从白羽到鸟, readers tell Eimear O’Hagan about signs their loved ones send from the other side
今年二月, clinical psychologist Vanessa Moore wrote in YOU about the signs she receives from her late husband, in the form of white feathers. We were overwhelmed with emails and letters about similar experiences. 这里, four readers share their stories…
‘I pressed the doorbell and felt mum with me’
Gillian Walker, 75, lives in Wivenhoe, 艾塞克斯, with her husband Peter, 75. She has two children and four grandchildren. A couple of months after my mother Anne passed away in late December 2008, my brother phoned me and told me that out of the blue, his doorbell – which he’d bought soon after Mum died – had started playing a piece of music by the clarinettist Acker Bilk. It was a fancy doorbell, with a choice of ten tunes, that he’d had set to Westminster chimes since he’d bought it.
He told me that not only was it playing this new tune – one of the ten options – but it was happening when there was nobody at the door. 和, despite having reset it back to the chimes, it kept happening.
I knew immediately it was a sign from Mum. She had loved Acker Bilk’s music so much we even had it played at her funeral.
I decided I needed to see and hear it happening for myself. As I pressed the doorbell and heard the familiar melody, 我说, '你好, Mum’.
I knew she was there with me and I felt incredibly comforted. Several months later, my brother moved house, leaving the doorbell behind, which marked the end of the signals from Mum. Yet more than a decade on I still smile when I think about it.
I don’t believe someone’s energy simply ends when they die. That was her way of letting me know that wherever she has gone on to, she is content.
‘I don’t buy biscuits, but I still find crumbs’
Hazel Douglas is 70. She is divorced and lives in Norwich.
I didn’t get a chance to say goodbye to my dad Harry before his death. He died in hospital – where he was awaiting heart surgery after suffering a stroke – and I didn’t make it in time.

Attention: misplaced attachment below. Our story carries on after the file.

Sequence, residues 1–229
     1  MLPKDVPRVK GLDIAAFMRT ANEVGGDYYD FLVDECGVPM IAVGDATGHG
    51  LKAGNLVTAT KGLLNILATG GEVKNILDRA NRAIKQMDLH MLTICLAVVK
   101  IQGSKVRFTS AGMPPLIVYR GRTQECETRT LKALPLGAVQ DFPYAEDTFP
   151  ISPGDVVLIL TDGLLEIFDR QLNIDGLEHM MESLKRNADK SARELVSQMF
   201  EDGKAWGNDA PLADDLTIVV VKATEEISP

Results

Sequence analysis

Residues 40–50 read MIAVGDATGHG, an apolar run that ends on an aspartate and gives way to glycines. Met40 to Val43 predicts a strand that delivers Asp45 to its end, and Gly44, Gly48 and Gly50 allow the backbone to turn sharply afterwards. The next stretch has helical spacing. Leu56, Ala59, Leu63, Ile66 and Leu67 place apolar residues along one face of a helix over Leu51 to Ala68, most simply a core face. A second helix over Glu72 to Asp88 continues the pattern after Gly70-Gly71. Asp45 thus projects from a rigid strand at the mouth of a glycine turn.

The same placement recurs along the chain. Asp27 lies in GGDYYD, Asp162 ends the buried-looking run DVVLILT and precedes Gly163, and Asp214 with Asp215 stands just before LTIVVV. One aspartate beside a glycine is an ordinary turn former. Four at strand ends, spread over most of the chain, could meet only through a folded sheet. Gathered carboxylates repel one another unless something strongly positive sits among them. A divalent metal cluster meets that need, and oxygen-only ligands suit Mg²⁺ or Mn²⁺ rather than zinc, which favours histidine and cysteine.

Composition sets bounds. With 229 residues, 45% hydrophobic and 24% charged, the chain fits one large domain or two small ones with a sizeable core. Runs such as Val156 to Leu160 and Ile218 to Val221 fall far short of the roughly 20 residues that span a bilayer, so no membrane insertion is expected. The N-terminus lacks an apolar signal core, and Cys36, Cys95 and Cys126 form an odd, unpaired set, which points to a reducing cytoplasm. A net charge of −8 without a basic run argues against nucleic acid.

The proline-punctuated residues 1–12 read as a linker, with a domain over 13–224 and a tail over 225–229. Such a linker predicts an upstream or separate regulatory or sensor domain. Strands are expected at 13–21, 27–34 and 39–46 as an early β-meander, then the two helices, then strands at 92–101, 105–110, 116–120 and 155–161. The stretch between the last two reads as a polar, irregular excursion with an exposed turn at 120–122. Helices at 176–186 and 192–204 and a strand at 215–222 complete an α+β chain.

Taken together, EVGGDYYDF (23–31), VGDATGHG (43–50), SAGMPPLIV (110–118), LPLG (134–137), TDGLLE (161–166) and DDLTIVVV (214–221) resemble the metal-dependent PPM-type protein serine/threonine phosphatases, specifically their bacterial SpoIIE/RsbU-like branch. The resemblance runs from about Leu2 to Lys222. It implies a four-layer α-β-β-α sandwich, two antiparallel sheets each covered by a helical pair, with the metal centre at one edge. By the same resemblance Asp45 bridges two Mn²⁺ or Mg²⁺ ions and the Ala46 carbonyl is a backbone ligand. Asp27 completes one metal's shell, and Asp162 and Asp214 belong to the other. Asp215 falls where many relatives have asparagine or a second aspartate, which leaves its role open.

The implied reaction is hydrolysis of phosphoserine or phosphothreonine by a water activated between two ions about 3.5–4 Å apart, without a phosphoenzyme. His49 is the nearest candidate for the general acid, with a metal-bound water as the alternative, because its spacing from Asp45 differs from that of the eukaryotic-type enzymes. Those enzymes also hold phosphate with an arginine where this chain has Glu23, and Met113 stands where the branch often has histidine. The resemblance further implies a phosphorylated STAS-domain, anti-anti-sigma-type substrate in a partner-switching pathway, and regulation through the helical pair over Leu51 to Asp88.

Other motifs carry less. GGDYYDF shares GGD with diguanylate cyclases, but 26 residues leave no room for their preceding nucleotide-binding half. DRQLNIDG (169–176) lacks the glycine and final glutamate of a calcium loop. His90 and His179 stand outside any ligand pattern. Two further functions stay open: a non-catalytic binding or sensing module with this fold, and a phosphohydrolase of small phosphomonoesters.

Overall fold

Dad was 95 but that doesn’t make it any easier to lose someone, nor accept that you didn’t have a final moment with them.
I believe that the multiple signs Dad has sent me since his death in 2018, three years after my mum died, are to let me know he is still with me in some way.
The first one came just three days after he died. I would visit him several times a week, and I’d read the Daily Mail while he read the Daily Mirror. He particularly loved the sports and puzzles pages. That day, still reeling
from his death, I picked up my copy of the Mail and in the middle of it were the sports and puzzles pages from the Mirror. I froze – I couldn’t believe my eyes. I immediately walked to the newsagent to see if all the papers had been mixed up by accident. 但不是, it was just mine.
Not long after that, my brother and I were in Dad’s house, summoning the emotional strength to begin sorting out his belongings. I looked up and staring at me through the window was a robin. For several minutes it sat perfectly still on the windowsill, its gaze never wavering. I knew it was Dad, encouraging me to crack on and do what had to be done.
But by far the most unusual sign I’ve received was when I put my dressing gown on one morning and reached into the pocket to find a handful of digestive biscuit crumbs in it. I’m not a biscuit eater – I don’t even keep them in the house – but I know somebody who loved them… Dad.
‘Their spirits returned in the form of birds’
Sally Treganowan, 73, lives in Tunbridge Wells with her husband Mike, 70.
It’s not just people who send messages after their death – I’ve been lucky enough to receive signs from two of our deceased dogs that their spirits are still with me.